The evolving media landscape and emerging technologies offers a flowing community of networking elevating society’s connection to a global scale. Never before has information traveled so quickly across many different mediums on an international level. Additionally, how we connect to others can be divided through many scales, from the personal to the vast communities available through different social media platforms.
However, while our Internet connection has strengthened to bring people together under the medium of the media landscape, has it also put our ability to interact and communicate with others? Has the current media landscape alienated humanity in a bubble known as the digital world birthing a newfound divide? Is this necessarily a bad change for society?
The growing technological gap is significant in understanding how the new media landscape can divide and alienate society. It is evident to see that people born fifty years ago grew up in a very different media environment, even those within the nineties were brought up in a contrasting digital world, therefore the participation of different generations can display the furthering divide. As stated by Jenkins (2006), Adults know less than they think about what young people are doing online and young people know less than they think about the values and assumptions that shape adult’s relationship to media.” Therefore, this segregates generations in the participation of people within the fast-paced digital world.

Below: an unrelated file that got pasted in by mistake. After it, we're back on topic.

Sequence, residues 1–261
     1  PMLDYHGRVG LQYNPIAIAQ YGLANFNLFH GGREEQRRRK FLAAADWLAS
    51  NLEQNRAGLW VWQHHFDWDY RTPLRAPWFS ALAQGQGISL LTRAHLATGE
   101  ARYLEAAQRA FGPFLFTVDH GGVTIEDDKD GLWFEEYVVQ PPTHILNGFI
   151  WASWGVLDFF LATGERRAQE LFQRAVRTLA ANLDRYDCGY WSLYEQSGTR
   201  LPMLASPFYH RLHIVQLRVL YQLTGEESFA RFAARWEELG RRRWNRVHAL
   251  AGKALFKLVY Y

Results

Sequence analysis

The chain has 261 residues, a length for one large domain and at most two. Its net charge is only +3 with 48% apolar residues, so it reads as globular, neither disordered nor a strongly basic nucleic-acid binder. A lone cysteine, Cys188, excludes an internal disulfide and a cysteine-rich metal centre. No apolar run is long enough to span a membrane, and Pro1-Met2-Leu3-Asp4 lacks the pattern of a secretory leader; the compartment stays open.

While this is true that the evolving new media landscape is changing how we as society communicates and interacts it does not undermine the importance of media literacy. The digital world that some can argue inhibits their quality of life within reality, has transformed how we communicate. The program “Skype” allows families and friends from different countries to stay connected and has replaced the snail mail letter system of the past. Furthermore, on a smaller level, the application known as “Snap Chat” allows friends to send simple pictures or ten-second videos to one another.
Media literacy has changed society’s methods of communication, it has both expanded our connection to others on the global and interpersonal scale, allowed for vast amounts of information to be available and allowed for participation throughout generations (as in any form of communication, there needs to be a sense of collaboration between people), all one needs to do is sign on.
Jenkins, H. (et. al). Confronting the Challenges of Participatory Culture: Media Education for the 21st Century. The John D. and Catherine T. MacArthur Foundation Reports on Digital Media and Learning. Retrieved from https://mitpress.mit.edu/sites/default/files/titles/free_download/9780262513623_Confronting_the_Challenges.pdf
Jenkins, H. (2006). Eight Traits of the New Media Landscape. Retrieved from http://henryjenkins.org/2006/11/eight_traits_of_the_new_media.html
Tornero, J.M.P. & Varis, T. (2010). New Media Literacy & New Humanism. UNESCO Institute for Information Technologies in Education. Retrieved from http://iite.unesco.org/pics/publications/en/files/3214678.pdf